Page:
September 25, 2021, 01:45:59 AM
Dyatlov Pass Forum

Author Topic: Strong wind blew one away, others rushed to help, but couldn't get back in blizz  (Read 656 times)

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May 24, 2021, 03:48:12 AM
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Sunny


V. I. TEMPALOV WITNESS TESTIMONY says, (he was one of the rescuers) that:
"Below the tent 50-60 m from us on the slope, I found 8 sets of footprints of people that were carefully examined, but they were deformed due to winds and temperature fluctuations. I did not find a ninth track, it was simply not there. I photographed the tracks. They walked down from the tent. Tracks showed me that people were walking a normal step down the mountain. Traces were visible only on the 50 m section, there were not visible any further since going down the mountain the snow became deeper. At the bottom of the mountain flows a river up to 70 cm deep in a ravine where the depth of the snow in places reaches 2 to 6 m thick.
In the exact direction of the tracks were found the bodies of the 5 frozen students. There is no need for me to describe how and where the bodies were found, you can refer to the protocol of inspection of the scene.
From documents, diaries of students, records of the latter it is clear to me that the students died on February 1 or 2, 1959. From a number of testimonies of witnesses it is clear to me that these days in the mountains and not only in the mountains there was a strong wind and it was very cold. Based on the discovered bodies (in the number of five people), the conditions in which they were found, it is clear to me that all the students died from exposure, attack on them is excluded. This is my personal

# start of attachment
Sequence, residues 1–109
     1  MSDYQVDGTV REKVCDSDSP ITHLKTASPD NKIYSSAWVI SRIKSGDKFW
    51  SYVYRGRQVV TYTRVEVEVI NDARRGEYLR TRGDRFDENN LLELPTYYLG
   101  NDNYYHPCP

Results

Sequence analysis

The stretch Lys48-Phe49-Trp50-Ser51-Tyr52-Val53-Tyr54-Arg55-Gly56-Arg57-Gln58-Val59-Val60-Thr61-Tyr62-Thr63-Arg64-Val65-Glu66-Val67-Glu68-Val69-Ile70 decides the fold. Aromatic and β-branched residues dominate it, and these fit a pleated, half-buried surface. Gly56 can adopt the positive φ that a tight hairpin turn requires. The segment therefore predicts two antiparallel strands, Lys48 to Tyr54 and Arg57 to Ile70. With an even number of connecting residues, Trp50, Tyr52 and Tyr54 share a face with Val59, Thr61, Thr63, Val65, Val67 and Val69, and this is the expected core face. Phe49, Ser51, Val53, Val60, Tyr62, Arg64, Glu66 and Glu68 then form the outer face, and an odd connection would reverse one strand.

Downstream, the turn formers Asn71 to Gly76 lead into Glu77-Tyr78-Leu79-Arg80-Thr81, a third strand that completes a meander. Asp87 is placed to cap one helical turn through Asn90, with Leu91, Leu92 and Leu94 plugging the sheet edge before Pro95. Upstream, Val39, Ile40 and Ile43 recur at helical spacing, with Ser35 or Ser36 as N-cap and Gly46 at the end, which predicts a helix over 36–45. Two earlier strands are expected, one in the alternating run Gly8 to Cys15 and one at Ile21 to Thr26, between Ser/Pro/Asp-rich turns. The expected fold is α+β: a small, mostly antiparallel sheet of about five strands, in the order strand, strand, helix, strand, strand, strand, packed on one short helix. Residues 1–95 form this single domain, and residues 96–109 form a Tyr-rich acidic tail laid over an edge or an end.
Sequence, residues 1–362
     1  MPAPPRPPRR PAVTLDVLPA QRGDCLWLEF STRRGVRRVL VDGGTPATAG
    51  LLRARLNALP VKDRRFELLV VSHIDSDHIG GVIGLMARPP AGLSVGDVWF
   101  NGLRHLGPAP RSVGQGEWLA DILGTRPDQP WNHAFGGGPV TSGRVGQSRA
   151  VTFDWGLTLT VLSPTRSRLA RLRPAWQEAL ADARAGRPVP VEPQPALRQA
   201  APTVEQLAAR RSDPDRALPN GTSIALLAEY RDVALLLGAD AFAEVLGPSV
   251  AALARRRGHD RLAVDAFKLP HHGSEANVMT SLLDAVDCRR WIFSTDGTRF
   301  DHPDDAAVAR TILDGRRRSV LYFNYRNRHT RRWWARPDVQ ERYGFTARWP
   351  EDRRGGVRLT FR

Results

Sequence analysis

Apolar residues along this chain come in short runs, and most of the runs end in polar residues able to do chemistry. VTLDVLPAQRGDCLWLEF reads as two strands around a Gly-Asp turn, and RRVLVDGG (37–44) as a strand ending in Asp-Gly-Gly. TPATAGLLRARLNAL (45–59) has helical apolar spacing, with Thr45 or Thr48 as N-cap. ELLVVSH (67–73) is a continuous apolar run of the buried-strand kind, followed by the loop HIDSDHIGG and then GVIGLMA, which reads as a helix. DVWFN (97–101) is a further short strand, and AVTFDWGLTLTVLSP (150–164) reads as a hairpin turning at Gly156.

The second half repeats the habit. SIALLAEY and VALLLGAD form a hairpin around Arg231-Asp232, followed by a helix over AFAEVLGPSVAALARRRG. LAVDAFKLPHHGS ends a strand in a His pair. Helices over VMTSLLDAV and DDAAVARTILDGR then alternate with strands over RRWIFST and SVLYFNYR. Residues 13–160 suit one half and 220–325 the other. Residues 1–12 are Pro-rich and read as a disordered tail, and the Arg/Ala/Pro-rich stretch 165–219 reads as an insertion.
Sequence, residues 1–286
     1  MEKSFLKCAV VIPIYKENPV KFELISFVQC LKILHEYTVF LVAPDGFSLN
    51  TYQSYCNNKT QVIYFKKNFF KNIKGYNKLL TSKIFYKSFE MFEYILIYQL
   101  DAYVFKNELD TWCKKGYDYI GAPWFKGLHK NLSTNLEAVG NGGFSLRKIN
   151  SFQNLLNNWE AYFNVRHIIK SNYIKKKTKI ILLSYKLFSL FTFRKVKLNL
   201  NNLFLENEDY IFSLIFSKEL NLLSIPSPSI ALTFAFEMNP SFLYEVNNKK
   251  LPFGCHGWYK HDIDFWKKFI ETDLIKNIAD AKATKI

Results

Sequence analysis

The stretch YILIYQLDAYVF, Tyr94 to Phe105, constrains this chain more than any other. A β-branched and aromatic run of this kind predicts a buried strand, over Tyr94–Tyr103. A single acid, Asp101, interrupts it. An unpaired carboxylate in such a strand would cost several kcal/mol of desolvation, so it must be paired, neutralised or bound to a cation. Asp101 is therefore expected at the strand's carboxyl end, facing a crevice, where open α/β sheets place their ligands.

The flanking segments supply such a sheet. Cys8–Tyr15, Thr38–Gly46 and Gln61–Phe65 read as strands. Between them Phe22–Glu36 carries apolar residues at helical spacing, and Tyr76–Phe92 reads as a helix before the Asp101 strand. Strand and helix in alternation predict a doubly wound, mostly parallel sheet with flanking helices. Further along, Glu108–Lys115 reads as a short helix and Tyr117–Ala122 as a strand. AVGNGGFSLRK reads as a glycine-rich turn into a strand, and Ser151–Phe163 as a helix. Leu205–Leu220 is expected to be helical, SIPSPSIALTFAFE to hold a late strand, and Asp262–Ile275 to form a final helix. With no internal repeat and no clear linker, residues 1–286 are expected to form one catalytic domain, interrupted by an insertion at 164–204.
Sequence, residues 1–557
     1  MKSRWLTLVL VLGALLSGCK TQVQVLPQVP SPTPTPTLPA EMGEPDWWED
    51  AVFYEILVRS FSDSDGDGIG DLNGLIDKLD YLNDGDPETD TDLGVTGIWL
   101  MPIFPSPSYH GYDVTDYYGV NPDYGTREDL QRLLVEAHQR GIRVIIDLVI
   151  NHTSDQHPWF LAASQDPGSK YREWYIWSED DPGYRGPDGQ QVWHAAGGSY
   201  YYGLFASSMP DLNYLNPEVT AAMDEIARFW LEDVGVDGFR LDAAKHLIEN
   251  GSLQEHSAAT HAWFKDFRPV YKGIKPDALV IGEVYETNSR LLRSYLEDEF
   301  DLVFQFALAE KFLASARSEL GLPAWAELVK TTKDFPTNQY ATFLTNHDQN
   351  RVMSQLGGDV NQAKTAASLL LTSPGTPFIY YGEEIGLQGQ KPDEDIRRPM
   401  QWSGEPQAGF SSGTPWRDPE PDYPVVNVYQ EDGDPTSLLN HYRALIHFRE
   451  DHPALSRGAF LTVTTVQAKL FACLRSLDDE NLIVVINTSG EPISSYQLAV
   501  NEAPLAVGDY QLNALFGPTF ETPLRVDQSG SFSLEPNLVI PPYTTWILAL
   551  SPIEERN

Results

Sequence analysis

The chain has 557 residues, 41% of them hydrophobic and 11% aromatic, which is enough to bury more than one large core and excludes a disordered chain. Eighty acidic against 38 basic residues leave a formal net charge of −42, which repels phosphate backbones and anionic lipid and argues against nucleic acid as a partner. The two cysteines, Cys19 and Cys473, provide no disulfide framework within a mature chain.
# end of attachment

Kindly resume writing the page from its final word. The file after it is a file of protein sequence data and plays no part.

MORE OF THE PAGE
opinion. I can come to a final conclusion only after the discovery and inspection of the remaining students, i.e. 4 more people. the students could have left the tent because one of them went out and the wind carried him away and he cried out. The students were alarmed, rushed out of the tent to his rescue and were blown away by the wind, but with blizzard-winds they could not get back to the tent. And they froze.... "https://dyatlovpass.com/case-files-309-312?rbid=17743

I think this explains everything. They found old pee near the tent. One went out from tent to pee, and got blown away by strong wind. Others went quickly to help him, so they didn't take warm clothes, but when trying to find him, they realized the wind doesn't allow them to get back at the tent. So they dicided it is best to go down and wait untill the wind calms down. Unfortunately they froze. it also explains some broken ribs and other injuries they had. There is a video on Youtube showing how people can't walk in strong wind. Look especially those who try to walk on ice, it is impossible:
 

May 24, 2021, 06:57:40 AM
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MDGross


A few questions: Why did all 8 hikers rush out when one or two could have rescued the one rolling down the slope? Then if help was still needed, the others would have time to put on shoes and coats. If the person in distress had rolled 60, 70 or a 100 meters, wouldn't at least a few of the footsteps found at 50-60 meters show people running? How are you going to catch up to the person rolling when you are walking in an orderly fashion? Also, the hikers were only wearing shirts and ski pants. At minus 20-30℉ with wind speeds of 50-60 km/h, they in all likelihood would have died from hypothermia before even reaching the forest.